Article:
Renowned British author Nadeem Aslam will be the GW English Department’s inaugural British Council Writer in Residence during the fall 2007 semester. Beginning in mid-October, he will spend a month in Washington through a new program sponsored by the department and the council.
Mr. Aslam achieved international recognition with the publication of his brilliant novel Maps for Lost Lovers in 2004.
Look for more information on Mr. Nadeem’s residency on this blog in the future. For now, we offer the following short biography from Bookbrowse:
Nadeem Aslam was born in 1966 in Gujranwala, Pakistan. When he was 13 he had had a short story published in Urdu in a Pakistani newspaper. He came to Britain at the age of 14 when his communist father (a former poet and film director, now garbage collector and factory worker) fled President Zia’s regime and settled the family in Huddersfield, West Yorkshire. He went to Manchester University to read biochemistry but left in his third year to become a writer.
He sent the manuscript for his debut novel, Season of the Rainbirds, unsolicited to Andre Deutsch, who accepted it within 10 days. It was published in 1993 and won two awards. He was 26 when he began writing Maps For Lost Lovers in 1992, thinking it would take him 2 years to complete – it actually took him 11. During this time he lived on the award prize-money and various grants, living in a number of different UK locations – wherever he could find a place to stay.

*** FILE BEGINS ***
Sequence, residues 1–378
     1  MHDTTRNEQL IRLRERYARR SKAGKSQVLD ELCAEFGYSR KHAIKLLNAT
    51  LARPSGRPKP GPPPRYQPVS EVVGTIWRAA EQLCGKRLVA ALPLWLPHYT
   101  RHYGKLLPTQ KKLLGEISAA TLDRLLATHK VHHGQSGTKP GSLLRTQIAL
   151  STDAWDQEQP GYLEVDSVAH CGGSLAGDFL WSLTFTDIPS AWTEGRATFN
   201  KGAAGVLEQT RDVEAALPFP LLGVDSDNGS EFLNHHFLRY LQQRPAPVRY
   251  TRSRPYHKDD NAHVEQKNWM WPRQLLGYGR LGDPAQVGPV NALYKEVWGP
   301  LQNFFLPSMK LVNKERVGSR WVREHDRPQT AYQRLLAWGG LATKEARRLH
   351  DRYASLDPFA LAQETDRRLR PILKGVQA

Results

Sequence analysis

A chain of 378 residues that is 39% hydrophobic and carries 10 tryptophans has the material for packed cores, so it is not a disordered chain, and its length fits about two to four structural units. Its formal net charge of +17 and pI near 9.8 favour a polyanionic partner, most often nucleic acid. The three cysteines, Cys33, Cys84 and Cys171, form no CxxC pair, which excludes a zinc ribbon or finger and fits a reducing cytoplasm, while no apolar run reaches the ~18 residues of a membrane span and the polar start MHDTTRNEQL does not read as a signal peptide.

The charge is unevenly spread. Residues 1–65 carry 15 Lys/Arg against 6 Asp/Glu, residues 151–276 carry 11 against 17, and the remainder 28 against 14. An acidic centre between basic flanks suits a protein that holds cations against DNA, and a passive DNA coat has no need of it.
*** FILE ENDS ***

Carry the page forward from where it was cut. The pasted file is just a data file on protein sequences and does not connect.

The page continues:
Maps For Lost Lovers was published by Faber & Faber in the UK in August 2004 (USA publication by Knopf in May 2005).
He writes in longhand and says that sometimes a sentence will take a whole page of crossing out.” He says that the first chapter alone too five years to get right and the following story about Kaukab took seven months – but he then rejected it, keeping only 1 sentence of the 70 pages he’d written!
After two years he stopped writing the novel altogether in order to develop 100 page biographies of the main characters so that “I fully understood what this family was. Then I was six years into the writing and in deep financial trouble.” He laughs: “But it had to be done.”
He prefers to write in absolute isolation, draping the windows with black cloth and not going out for weeks at a time. He says, “I always think of the silence and the darkness of a root that enables the flower to grow.”….”The only time I’m ever fully alive is when I’m writing. When I’d finished this book, I felt like a cage from which the songbird is being removed. For a month I just didn’t know what to do.”;
Although culturally a Muslim, he describes himself as a non-believer and, due to money constraints, has not been back to Pakistan since leaving at the age of 14. However, he says that he was raised with a ‘feeling for the life of the mind’ and was urged by his father to ‘live a passionate life’ and not to worry about money. Aslam appears to live by these works as when he received a Royal Literary Fund grant he actually turned part of it down saying that he didn’t need that much!
When asked if he is apprehensive about how the Muslim community will receive his novel he answers, “Writers have always got into trouble with people who think they know the answer….there’s no message in my books. My writing is my way of exploring my own life and the workings of my own consciousness.”
He currently lives in north London.